2. A continuous process for the hydrogenation of a high boiling point hydrocarbon charge at elevated pressures of 250 to 2000 pounds per square inch and a temperature of 750 to 950 F. comprising pressurizing the charge to substantially the elevated pressure, adding a hydrogencontaining gas and finely divided deactivated hydrogenation catalyst to the charge to form a mixture of hydrogencontaining gas and slurry of charge and catalyst, heating the mixture, introducing the mixture plus finely divided active hydrogenation catalyst to a reactor, maintaining the catalyst in the reactor in a tluidized turbulent state suspended in a gaseous phase thereby catalytically hydrogenating the charge, removing reaction products from the reactor, removing dry, finely divided particles of deactivated catalyst from the reactor separately from the reaction products and delivering the deactivated catalyst alternately to a first chamber and a second chamber, isolating the lirst chamber from the reactor to prevent flow from the reactor to the rst chamber, purging the iirst chamber and catalyst therein of entrained hydrocarbons and hydrogen-containing gas and reducing the pressure in the rst chamber to substantially atmospheric pressure, transferring the catalyst from 'the rst chamber at substantially atmospheric pressure to a regeneration zone at substantially atmospheric pressure, delivering catalyst to the second chamber while isolating, purging, reducing the pressure on, and transferring catalyst from, the rst chamber and delivering catalyst to the first chamber while isolating, purging, reducing the pressure on, and transferring catalyst from, the second chamber to maintain substantially continuous flow from the reactor, regenerating the catalyst by oxidation of contaminants thereon to form an active catalyst, and pressurizing the regenerated catalyst and returning -it to the reactor.

3. A continuous process for the hydrogenation of a high boiling point hydrocarbon charge at an elevated pressure of 250 to 2000 pounds per square inch and a temperature ot 750 to 950 F. comprising pressurizing the high boiling point hydrocarbon charge to the elevated pressure, adding a hydrogen-containing gas to the charge, heating the charge to substantially the reaction temperature, introducing the charge plus hydrogen-containing gas to a reactor, maintaining a hydrogenation catalyst in the reactor in a uidized turbulent state suspended in a gaseous phase thereby catalytically hydrogenating the charge, removing reaction products from the reactor, separately removing dry, finely divided deactivated catalyst from the reactor, recycling a portion of the deactivated catalyst to the charge at a point prior to the heating of the charge to form a slurry of the charge and deactivated hydrogenation catalyst whereby a slurry of charge and deactivated hydrogenation catalyst is heated in the presence of hydrogencontaining gas, delivering the remainder of the removed deactivated catalyst alternately to a rst chamber and a second chamber, isolating the first chamber from the reactor to prevent ow 'from the reactor to the rst chamber, purging the rst chamber and catalyst therein of entrained hydrocarbons and hydrogen-containing gas and reducing the pressure in the first chamber to substantially atmospheric pressure, transferring the catalyst from the rst chamber at substantially atmospheric pressure to a regeneration zone at substantially atmospheric pressure, delivering catalyst to the second chamber while isolating, purging, reducing the pressure on, and transferring catalyst from, the rst chamber and delivering catalyst to the first chamber while isolating, purging, reducing the pressure on, and transferring catalyst from, the second chamber to maintain substantially continuous flow from the reactor, regenerating the deactivated catalyst at substantially atmospheric pressure by oXidation of contaminants thereon, and repressuring and recycling the regenerated catalyst to the reactor.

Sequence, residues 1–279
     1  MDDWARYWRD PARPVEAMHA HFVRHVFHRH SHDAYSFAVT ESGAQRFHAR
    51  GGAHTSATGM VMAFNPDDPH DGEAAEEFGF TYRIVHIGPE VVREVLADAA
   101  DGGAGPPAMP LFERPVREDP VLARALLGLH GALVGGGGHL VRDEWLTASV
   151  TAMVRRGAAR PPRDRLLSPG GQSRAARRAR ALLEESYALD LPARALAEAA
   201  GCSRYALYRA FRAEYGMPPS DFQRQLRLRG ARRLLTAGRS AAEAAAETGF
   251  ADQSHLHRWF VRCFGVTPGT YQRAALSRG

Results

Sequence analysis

References Citedin the tile of this patent UNITED STATES PATENTS 1,845,058 Pier Feb. 16, 1932 1,933,508 Peck Oct. 31, 1933 1,940,651 Semrnes Dec. 19, 1933 1,949,630 Russell et al Mar. 6, 1934 1,972,948 Payne Sept. 11, 1934 2,041,858 Prrmann May 26, 1936 2,247,097 Menshih June 24, 1941 2,289,329 Prickett July 7, 1942 2,303,717 Arveson Dec. 1, 1942 2,338,606 Voorhees Jan. 4, 1944 2,398,489 Arveson Apr. 16, 1946 2,435,158 Read Ian. 27, 1948 2,444,832 Krebs July 6, 1948 2,517,900 Loy Aug. 8, 1950 FOREIGN PATENTS 660,776 Great Britain Apr. 19, 1948

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Classifications
U.S. Classification208/150, 208/164, 423/DIG.160, 422/645, 422/638
International ClassificationC10G49/16
Cooperative ClassificationY10S423/16, C10G49/16
European ClassificationC10G49/16